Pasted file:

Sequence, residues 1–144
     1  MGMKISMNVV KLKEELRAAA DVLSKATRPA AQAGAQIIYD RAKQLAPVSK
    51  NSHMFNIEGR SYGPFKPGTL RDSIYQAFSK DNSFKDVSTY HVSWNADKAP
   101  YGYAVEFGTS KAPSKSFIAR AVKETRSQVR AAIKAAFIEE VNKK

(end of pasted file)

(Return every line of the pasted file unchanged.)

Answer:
Sequence, residues 1–144
     1  MGMKISMNVV KLKEELRAAA DVLSKATRPA AQAGAQIIYD RAKQLAPVSK
    51  NSHMFNIEGR SYGPFKPGTL RDSIYQAFSK DNSFKDVSTY HVSWNADKAP
   101  YGYAVEFGTS KAPSKSFIAR AVKETRSQVR AAIKAAFIEE VNKK